BENGALURU: Xiaomi, which recently closed a $1-billion funding round, is keen to work with Indian startups in mobile technology, content aggregation and connected devices, a top company executive has told ET. For Xiaomi India, setting up its own startup ecosystem, like it has done in China, is one of its key priorities this year. “We may co-develop, invest or launch their products. We have discussed with a few startups so far,” said Manu Jain, Xiaomi’s India head, while declining to name the startups or the investment size.
BENGALURU: A mass exodus of tech startups is expected this year as an increasing number of young ventures shifts overseas in search of investors and a better regulatory environment and facilities unless the government takes steps to reverse the trend. A software product industry think tank estimates that as many as 75% of new technology startup firms, ranging from data analytics, mobility and security to cloud that intend to raise seed or venture capital will be domiciled outside the country.
Life of an entrepreneur in nascent but up-and-coming ecosystems is rough and tough – just ask these Burmese founders. Yes, Myanmar is indeed starting to embrace a level of openness which can only mean good things for businesses. But like in any other Asian country, taking note of nuances can help you prosper locally. For this reason, Harald Friedl, managing director of a local renewable energy company, has penned down a comprehensive 27-pages-long guide for first-timers who are thinking of starting up in Myanmar.
Last week, at a closed meeting in Tokyo, Sun Microsystems co-founder and Silicon Valley billionaire Scott McNealy offered advice to a group of Itochu Technology Ventures’ portfolio startups. The CEOs from Whill, Crowdworks, Raksul, Tokyo Otaku Mode, Uzabase, and Fringe81 were all in attendance. Tech in Asia was invited to listen in on the discussion and engage McNealy regarding his impressions of entrepreneurship in both Tokyo and Asia as a whole.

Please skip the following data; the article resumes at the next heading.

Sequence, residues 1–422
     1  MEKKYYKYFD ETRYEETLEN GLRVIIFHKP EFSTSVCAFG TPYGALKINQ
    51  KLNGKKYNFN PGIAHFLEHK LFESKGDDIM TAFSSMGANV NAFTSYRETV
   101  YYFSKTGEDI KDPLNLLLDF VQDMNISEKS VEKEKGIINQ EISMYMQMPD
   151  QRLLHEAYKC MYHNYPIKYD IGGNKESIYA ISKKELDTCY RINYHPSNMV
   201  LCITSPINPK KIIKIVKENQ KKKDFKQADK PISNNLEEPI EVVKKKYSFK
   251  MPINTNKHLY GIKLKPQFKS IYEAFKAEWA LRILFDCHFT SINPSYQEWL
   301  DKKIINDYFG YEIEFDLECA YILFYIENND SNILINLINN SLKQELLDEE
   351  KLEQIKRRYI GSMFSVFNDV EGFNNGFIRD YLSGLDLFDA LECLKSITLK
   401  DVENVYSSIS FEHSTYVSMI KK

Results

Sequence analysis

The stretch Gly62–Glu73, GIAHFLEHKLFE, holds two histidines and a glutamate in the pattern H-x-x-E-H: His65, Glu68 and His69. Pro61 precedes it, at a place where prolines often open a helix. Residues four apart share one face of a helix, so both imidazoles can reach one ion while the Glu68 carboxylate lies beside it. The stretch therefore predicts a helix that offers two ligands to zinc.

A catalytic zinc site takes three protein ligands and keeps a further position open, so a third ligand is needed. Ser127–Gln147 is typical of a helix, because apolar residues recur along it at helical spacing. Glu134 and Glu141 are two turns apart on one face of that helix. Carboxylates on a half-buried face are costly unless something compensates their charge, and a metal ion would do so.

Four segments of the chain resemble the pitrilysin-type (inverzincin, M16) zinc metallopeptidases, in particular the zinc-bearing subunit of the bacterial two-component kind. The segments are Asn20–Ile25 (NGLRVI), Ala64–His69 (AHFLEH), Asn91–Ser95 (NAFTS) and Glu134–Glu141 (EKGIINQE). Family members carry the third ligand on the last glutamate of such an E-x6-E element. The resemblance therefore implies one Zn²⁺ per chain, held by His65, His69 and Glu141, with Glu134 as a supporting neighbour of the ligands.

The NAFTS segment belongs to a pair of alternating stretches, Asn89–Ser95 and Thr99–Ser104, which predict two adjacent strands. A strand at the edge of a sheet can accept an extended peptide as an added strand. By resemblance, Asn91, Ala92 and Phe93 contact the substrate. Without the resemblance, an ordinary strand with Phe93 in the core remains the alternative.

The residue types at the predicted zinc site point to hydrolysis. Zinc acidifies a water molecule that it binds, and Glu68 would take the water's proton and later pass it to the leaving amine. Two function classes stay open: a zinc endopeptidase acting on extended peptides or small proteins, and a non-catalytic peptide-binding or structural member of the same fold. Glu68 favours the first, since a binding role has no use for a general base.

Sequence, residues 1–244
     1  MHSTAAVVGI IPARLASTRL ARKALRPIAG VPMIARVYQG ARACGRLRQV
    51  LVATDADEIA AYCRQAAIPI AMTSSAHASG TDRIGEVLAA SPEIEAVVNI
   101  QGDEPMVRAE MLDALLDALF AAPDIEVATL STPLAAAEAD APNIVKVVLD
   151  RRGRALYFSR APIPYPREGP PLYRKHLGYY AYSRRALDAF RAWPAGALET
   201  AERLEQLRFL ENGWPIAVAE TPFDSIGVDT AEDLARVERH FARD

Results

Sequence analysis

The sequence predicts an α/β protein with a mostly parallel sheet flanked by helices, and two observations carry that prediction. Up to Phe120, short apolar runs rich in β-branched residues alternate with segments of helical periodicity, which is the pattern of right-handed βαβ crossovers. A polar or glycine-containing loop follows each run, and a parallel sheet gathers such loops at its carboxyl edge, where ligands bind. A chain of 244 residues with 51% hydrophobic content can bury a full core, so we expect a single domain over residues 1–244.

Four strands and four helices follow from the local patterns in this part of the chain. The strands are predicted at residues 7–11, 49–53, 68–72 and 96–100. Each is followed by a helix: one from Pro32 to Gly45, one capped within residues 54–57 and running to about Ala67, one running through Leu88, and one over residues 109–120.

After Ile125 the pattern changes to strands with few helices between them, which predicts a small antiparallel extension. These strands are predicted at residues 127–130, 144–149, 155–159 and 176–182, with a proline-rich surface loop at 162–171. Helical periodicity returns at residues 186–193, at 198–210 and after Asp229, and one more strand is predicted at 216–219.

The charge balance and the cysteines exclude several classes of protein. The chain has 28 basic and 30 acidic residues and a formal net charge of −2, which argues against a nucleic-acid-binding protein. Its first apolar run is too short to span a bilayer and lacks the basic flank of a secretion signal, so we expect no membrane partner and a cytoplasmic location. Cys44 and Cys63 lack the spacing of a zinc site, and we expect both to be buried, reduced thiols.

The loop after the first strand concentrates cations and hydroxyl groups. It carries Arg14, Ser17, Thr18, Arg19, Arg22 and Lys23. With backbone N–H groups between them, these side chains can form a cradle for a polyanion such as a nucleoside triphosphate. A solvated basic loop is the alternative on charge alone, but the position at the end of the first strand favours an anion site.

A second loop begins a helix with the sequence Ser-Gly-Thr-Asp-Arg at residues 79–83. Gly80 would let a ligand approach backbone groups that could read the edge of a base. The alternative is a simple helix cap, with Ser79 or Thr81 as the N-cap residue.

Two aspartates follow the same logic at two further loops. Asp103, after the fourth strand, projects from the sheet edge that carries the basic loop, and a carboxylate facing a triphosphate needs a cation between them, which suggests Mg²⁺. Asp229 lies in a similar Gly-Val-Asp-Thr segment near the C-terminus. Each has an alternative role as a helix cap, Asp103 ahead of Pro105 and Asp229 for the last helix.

If you’re a successful Chinese mobile startup, I’ve got some good news: Tencent wants to help you. As part of a recent event celebrating the 5.0 release of its mobile app platform Yingyongbao, the company has announced what it calls its “double-hundred plan.” According to Tencent social media services group VP Lin Yongtao, the double-hundred plan stipulates that over the next three years, Tencent will direct 10 billion user visits to 100 Chinese startups via its open platform, although the startups in question must be valued at RMB 100 million (US$16 million) or more.
The Indian startup ecosystem has reached an inflection point, with 800 new tech startups sprouting in a year. This, taken in conjunction with rising investment flows, makes it the world’s fastest growing startup ecosystem, says the National Association of Software and Service Companies (Nasscom). This was announced at the ongoing Nasscom Product Conclave in Bangalore. Nasscom conducted the study in collaboration with global research firm Zinnov, which benchmarked the Indian ecosystem with eight leading areas, in terms of both deal flow and emergence of new startups.